Drought might be a landscape’s biggest enemy, but sometimes too much
rain can bring problems of its own, as this reader found.
QUESTION: “Following some recent heavy rain, I noticed a LOT of tiny
bright green weeds suddenly sprouting up through the mulched beds in
front of our house. I mean there are hundreds of them.
“My question is this: Is it safe to get rid of them by spraying them
with Round Up? The beds contain several established evergreen shrubs,
no small plants or flowers. The prospect of trying pull up each and
every one of the little pests is almost too much to imagine, so I'm
hoping I can get rid of them some other way, but of course I don't
want to risk damaging the shrubs. What do you suggest?” – Mike H
ANSWER: Cheryl saw your question and said, “Put some white vinegar in
a spray bottle and have at it. The vinegar in cooperation with the
summer sun will kill off weeds. It may take a couple of good sprays,
but you have to be stronger than the weeds. You can do it!”
Good advice, to which I would add this. Stir up the mulch every so
often to disturb the roots of the little weeds. Do this in the hot
part of the day so the ones on top do not have a chance to re-root.
Round Up is good if the weeds are a certain height but not before
that. A benefit of Cheryl’s solution is that it’s all natural. Use
ordinary white vinegar, full strength. However, you still have to take
the same care as if you were spraying Round Up and be careful not to
spray the vinegar onto your non-weed plants.
A few days later, I received this e-mail from Mike: “Steve, I’d read
one of your Plant Man columns that included a question from someone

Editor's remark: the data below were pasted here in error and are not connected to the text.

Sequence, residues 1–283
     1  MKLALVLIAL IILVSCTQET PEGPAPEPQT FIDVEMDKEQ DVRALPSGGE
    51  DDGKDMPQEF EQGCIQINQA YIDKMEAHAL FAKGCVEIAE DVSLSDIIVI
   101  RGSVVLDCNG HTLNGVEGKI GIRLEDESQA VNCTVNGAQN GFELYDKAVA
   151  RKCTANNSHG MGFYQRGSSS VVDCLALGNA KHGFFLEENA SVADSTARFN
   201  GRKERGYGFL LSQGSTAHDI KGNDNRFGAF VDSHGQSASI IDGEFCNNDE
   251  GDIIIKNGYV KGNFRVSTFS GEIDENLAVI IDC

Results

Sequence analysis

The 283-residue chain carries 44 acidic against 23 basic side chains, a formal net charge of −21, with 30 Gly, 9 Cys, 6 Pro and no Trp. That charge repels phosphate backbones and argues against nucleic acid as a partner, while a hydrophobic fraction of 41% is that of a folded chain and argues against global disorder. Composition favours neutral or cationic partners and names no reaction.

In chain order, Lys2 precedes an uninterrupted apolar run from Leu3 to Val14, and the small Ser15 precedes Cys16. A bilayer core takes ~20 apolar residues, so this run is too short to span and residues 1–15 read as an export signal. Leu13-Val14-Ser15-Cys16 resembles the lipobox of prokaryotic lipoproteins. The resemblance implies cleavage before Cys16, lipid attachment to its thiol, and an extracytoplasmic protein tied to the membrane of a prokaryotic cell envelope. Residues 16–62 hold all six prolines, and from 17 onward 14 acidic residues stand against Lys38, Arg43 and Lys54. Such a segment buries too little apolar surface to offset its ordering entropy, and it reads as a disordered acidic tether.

looking for highly concentrated vinegar to use as a weed killer.
Because of that, I didn’t expect much from the ordinary vinegar I
bought at the supermarket, but decided to give it a try. I put the
vinegar in a plastic spray bottle and carefully sprayed the baby
weeds. For good measure, I also sprayed some weeds coming up between
the cobblestones in the front walk.
“When I looked the next day, the weeds I had sprayed had all shriveled
up! As you suggest, I will stir up the mulch a bit and keep the
vinegar spray handy for the next time the weeds emerge.”
QUESTION: “I have a Kwanzan cherry tree about 5 feet tall. It was
doing GREAT… then a deer ate the leaves and as it pulled away it
snapped the trunk (below the branch development). It was still hanging
on so I taped it back up hoping it would heal. What should I do?” –
ANSWER: There’s really not a lot that can be done over and above what
you have done already. Frankly, the chances are it will not come back
from the trauma caused by the deer.
However, one thing you can try is to angle-cut the tree at the base
about 3 inches from the soil. It will sucker out stems if the tree is
still viable. When most of the stems reach about 6 to 12 inches, cut
off all except the best. You may have to stake it but probably not.
If your tree has a good root system, the roots will cause the “new”
tree to grow to maybe where you were before the deer damage. Good
You might also want to invest in a product called Liquid Fence Deer &
Rabbit Repellent. You can buy it as a 40 ounce concentrate or as a
Pump & Spray combo pack that includes a 48 ounce pressure sprayer and
6 ounces of Liquid Fence, enough to make three quarts of repellent
shat should be enough to treat 1,500 square feet. If you need some
shopping information, drop me an e-mail.
The Plant Man is here to help. Send your questions about trees, shrubs
and landscaping to firstname.lastname@example.org and for resources and
additional information, or to subscribe to Steve’s free e-mailed
newsletter, visit www.landsteward.org